The film was critically acclaimed in America but received a much more muted response here in Blighty. I can see why. Allen’s main problem is that he is tone deaf to the class hierarchy in this country. As such, he creates a Britain here that is close to something we would recognise, but subtly off. Chris is clearly from a lower social class than the family he marries into, he’s employed as a coach in a tennis club and he’s clearly less well travelled than the others. The family he marries into has a massive country house with servants, goes shooting at the weekend, runs a huge London business – it’s a modern day Downton Abbey.

If the same story was created by a British writer and director, Chris would clearly be presented as an ambitious, even ruthless, social climber looking to move up the ladder by doing everything he can to marry into a rich family and inveigling himself into their lives. Allen, however, doesn’t present the relationship like this – in fact, watching the film, I think it’s clear that he doesn’t really realise that Chris and his in-laws are in a totally different social class. He treats them all as if they are basically social equals, with money the only difference between them. For the British this just doesn’t fit in at all with our experience of the class system in this country – we know the Hewetts and Chris would always be aware of the social background difference between them, and that someone would comment upon it during the course of the film. No-one ever does. Class remains unmentioned. For a British person this just isn’t right.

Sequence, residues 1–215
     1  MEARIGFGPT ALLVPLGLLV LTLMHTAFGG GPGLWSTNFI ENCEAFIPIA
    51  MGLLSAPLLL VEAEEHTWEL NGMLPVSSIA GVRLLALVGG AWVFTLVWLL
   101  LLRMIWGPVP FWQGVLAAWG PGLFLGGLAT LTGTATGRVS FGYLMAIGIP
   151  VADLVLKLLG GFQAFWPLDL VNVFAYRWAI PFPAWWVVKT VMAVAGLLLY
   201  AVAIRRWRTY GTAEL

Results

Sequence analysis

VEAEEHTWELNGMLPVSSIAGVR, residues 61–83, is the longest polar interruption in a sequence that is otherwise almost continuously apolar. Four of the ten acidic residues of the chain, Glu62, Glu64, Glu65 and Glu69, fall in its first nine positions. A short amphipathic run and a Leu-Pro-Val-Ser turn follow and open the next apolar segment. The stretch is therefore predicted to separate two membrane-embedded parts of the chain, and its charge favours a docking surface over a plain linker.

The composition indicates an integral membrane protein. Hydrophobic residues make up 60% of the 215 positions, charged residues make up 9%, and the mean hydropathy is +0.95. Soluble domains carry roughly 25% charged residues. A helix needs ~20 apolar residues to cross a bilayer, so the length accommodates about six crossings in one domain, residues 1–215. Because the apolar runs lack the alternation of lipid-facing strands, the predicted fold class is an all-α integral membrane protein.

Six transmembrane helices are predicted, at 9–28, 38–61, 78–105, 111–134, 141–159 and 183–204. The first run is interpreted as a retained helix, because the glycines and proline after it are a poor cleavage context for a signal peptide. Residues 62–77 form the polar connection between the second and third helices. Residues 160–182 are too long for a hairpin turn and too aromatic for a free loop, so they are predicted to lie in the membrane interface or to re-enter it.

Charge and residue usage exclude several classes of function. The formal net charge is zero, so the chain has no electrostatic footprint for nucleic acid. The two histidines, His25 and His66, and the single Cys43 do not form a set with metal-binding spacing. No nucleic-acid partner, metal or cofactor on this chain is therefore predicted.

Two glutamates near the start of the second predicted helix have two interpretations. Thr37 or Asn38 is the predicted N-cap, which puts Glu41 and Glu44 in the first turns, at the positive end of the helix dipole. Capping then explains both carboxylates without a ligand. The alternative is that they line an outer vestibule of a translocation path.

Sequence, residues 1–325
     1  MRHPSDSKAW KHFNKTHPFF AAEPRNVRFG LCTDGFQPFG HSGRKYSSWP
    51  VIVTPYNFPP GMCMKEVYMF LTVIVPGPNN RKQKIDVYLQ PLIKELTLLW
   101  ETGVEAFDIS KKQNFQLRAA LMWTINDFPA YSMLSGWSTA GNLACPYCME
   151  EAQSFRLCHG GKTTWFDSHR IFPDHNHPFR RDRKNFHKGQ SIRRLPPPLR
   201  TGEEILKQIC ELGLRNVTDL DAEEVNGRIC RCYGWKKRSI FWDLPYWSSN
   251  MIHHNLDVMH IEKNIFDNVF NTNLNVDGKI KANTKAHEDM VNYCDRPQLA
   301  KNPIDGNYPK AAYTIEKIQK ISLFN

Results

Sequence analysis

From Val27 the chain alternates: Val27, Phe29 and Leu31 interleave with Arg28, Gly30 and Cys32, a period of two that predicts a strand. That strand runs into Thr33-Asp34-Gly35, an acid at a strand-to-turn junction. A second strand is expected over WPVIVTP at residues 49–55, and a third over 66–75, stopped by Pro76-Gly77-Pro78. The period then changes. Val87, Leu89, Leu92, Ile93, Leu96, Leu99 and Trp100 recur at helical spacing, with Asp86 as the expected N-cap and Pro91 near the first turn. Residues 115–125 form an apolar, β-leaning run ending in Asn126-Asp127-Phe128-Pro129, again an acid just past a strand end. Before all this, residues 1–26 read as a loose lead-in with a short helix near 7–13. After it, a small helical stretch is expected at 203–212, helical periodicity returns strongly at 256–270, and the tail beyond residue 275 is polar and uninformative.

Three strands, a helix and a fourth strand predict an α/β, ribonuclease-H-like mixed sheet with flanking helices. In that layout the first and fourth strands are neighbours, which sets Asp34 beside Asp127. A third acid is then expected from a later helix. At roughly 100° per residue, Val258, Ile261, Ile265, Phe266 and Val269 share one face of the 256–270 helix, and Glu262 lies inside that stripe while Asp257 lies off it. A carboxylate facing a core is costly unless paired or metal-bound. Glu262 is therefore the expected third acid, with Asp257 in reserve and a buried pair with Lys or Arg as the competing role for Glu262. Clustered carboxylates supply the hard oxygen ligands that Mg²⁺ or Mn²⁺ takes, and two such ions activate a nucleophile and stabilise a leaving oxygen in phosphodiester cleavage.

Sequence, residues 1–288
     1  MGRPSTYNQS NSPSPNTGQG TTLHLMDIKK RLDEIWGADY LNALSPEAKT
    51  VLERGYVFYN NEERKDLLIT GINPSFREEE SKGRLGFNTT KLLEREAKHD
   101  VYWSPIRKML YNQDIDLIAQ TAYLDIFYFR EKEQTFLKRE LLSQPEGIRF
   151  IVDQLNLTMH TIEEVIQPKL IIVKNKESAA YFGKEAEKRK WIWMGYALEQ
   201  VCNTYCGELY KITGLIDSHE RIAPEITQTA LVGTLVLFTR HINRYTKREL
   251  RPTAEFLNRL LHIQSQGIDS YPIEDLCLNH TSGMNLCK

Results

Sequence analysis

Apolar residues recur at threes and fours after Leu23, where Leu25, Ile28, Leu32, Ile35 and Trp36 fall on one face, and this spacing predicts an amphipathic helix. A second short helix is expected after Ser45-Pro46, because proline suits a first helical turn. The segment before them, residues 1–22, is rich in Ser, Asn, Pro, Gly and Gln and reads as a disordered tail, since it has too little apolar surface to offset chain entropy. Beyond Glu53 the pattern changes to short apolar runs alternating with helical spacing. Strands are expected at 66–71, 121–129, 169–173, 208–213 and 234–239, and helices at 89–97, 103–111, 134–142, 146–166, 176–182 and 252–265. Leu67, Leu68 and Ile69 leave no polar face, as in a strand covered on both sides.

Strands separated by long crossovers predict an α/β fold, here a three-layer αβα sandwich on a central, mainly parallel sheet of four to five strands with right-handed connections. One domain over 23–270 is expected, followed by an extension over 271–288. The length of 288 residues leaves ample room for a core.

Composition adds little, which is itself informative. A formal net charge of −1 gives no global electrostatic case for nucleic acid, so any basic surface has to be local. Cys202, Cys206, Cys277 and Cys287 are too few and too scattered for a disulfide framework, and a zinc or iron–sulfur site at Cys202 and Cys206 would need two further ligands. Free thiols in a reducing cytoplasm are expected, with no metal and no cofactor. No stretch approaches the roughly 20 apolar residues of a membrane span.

So the “tragedy” if you like (or character flaw) of Chris should be that he is drawn sexually towards Nola Rice, despite it flying against his ambitions for moving upwards in his class. Instead, Allen’s script treats it solely as an affair of passion: the fact that the two “outsiders” in the social class (the working-class Irish boy and the American actress) are drawn to each other isn’t commented upon at all. The Hewetts are more suspicious of Rice because she’s an American and an actress, but the fact she (like Chris) doesn’t have a penny isn’t an issue. There is a lot of fertile ground here that any British director or writer would just know – but Allen fundamentally just doesn’t get it: he thinks the Hewetts are middle class not the loaded 1%+.